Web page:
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Last Things First

By Graham Beynon
January 2011 | Review by David Magowan


The Bible teaches Christians to store up treasure in heaven, to wait faithfully for the return of their Master, to think of this world as temporary and passing, and to think of the world to come as their inheritance. Graham Beynon takes a fresh look at this teaching and shows how what is to come should shape practical Christian living now, with regard to godliness, handling of money, service of others, speaking about Jesus, faithfulness to him, response to hardship, and more.

  • Publisher: Inter-Varsity Press
  • ISBN: 978-1844744121
  • Pages: 176
  • Price: £8.99
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Book Review

Christians are sometimes warned about the danger of being so heavenly-minded that they are of no earthly use. Yet C. S. Lewis maintained (in Mere Christianity) that the witness of history is that those who did most for the present world were those who thought most about the next.

In this book, which began as a series of sermons, Graham Beynon considers the doctrine of the last things (eschatology) and argues convincingly that knowing what is to come (as revealed by God in the Bible) is of inestimable present benefit to the Christian.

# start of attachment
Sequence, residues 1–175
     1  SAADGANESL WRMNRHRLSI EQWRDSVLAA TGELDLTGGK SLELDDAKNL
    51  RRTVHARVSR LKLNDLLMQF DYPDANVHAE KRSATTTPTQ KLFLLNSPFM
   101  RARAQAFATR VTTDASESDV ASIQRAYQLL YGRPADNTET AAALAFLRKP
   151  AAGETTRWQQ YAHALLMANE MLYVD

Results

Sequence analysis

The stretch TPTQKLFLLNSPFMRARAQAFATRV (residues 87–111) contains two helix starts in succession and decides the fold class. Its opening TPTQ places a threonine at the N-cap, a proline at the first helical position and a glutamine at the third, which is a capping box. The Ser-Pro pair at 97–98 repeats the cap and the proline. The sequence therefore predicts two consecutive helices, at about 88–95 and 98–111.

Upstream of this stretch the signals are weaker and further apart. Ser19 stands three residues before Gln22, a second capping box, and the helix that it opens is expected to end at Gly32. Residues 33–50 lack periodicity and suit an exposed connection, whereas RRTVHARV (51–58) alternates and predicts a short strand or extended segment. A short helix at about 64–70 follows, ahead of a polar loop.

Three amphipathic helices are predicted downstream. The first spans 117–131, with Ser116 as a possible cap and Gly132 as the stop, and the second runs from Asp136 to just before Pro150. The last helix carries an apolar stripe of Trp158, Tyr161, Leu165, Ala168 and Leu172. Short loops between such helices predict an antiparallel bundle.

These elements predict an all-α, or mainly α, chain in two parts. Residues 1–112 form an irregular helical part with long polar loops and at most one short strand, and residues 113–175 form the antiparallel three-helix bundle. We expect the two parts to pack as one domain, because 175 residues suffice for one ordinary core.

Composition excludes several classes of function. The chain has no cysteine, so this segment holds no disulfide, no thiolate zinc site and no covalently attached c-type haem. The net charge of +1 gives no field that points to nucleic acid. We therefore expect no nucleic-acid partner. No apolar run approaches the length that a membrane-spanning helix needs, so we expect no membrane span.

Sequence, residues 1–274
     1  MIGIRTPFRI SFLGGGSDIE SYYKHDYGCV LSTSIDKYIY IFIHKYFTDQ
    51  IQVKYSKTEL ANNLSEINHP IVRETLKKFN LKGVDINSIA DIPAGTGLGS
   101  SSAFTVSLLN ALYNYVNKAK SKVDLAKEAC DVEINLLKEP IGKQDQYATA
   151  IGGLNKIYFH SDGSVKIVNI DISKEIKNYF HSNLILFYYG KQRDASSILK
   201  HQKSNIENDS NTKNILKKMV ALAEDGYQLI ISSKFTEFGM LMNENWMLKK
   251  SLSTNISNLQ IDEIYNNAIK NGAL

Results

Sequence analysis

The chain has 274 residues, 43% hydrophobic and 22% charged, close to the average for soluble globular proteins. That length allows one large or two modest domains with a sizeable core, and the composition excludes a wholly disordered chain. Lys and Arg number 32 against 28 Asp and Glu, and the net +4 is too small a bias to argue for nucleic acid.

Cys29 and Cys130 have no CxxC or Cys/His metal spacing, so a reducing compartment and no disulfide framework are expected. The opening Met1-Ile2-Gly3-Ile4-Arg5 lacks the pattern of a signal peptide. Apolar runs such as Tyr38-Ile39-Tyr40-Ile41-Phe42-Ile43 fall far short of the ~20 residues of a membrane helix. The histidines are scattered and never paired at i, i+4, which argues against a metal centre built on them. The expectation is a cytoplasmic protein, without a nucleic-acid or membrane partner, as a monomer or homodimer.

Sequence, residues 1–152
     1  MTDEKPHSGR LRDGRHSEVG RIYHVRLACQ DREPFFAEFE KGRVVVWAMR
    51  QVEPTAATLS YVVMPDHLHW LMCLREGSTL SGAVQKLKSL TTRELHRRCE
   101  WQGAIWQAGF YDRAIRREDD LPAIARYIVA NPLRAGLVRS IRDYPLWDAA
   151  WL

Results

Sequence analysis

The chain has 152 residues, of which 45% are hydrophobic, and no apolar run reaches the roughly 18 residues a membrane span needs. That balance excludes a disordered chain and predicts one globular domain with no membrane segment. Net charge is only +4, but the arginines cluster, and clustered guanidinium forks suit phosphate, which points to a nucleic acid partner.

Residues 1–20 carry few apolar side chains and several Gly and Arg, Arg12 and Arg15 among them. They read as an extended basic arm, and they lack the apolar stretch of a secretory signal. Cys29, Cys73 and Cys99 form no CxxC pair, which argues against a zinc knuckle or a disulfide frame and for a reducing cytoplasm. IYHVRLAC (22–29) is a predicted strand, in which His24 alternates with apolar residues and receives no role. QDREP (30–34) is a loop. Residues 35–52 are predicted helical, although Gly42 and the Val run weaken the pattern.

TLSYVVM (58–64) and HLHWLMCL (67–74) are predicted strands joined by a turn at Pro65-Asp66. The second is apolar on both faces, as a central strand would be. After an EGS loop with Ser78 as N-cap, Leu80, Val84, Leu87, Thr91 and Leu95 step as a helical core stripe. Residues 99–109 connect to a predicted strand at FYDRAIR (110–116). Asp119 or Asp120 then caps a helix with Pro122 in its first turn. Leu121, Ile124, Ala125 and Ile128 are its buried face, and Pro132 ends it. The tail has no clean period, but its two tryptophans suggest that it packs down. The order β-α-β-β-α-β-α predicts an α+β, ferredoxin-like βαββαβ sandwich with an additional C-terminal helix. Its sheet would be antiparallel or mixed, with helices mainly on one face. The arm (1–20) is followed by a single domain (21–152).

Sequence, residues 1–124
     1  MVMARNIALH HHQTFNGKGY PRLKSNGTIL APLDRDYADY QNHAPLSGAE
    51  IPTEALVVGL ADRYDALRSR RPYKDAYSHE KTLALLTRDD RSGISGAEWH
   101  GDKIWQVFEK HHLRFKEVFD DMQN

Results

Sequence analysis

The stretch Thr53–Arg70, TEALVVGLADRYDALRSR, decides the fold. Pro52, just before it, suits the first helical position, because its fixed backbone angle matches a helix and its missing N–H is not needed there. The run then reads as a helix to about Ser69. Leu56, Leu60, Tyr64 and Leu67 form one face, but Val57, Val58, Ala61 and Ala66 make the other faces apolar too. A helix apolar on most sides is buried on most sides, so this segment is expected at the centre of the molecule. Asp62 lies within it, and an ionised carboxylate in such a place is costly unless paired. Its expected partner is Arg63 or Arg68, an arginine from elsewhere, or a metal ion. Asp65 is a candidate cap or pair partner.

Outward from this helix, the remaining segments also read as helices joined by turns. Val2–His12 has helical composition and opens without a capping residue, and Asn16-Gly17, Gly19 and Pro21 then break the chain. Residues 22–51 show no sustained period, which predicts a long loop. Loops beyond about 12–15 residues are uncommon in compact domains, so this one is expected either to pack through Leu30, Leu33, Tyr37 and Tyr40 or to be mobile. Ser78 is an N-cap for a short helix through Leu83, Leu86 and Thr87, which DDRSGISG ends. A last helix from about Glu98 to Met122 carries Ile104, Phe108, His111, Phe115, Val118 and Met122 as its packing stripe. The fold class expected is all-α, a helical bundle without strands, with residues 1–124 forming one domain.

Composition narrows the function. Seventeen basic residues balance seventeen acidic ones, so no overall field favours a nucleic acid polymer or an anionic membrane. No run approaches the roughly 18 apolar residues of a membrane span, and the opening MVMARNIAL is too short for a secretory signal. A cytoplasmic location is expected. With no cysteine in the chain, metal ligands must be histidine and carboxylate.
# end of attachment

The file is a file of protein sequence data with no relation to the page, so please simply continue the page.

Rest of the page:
He explains that Christians are presently living in the overlap of two ages, and there is a tension in our earthly lives between what is ‘already’ and what is ‘not yet’. In Christ, we are now children of the light, but we are still living in a dark world, awaiting the dawn of a glorious new day.

Knowing who we already are and knowing what is yet to come will motivate us to serve our Saviour faithfully and well, to live our lives in reverent fear of God, and to press on with urgency with the task of making the gospel of God’s grace known throughout the world.

There are individual chapters on the day of judgement, rewards for believers, heaven, hell, signs of the Lord’s imminent return, and the challenge of living in hope. More contentious issues related to different millennial views, the rapture, and the identity of the Antichrist are covered briefly in an appendix. On the matter of hell, Beynon is orthodox, arguing against universalism and annihilationism.

This is a practical book. The theology is clearly taught, with scriptural support, and is then applied relevantly and illustrated helpfully. Throughout the book, Graham Beynon demonstrates that the Bible’s teaching about the future has present implications, as he contends that every Christian ought to live in the light of the future.

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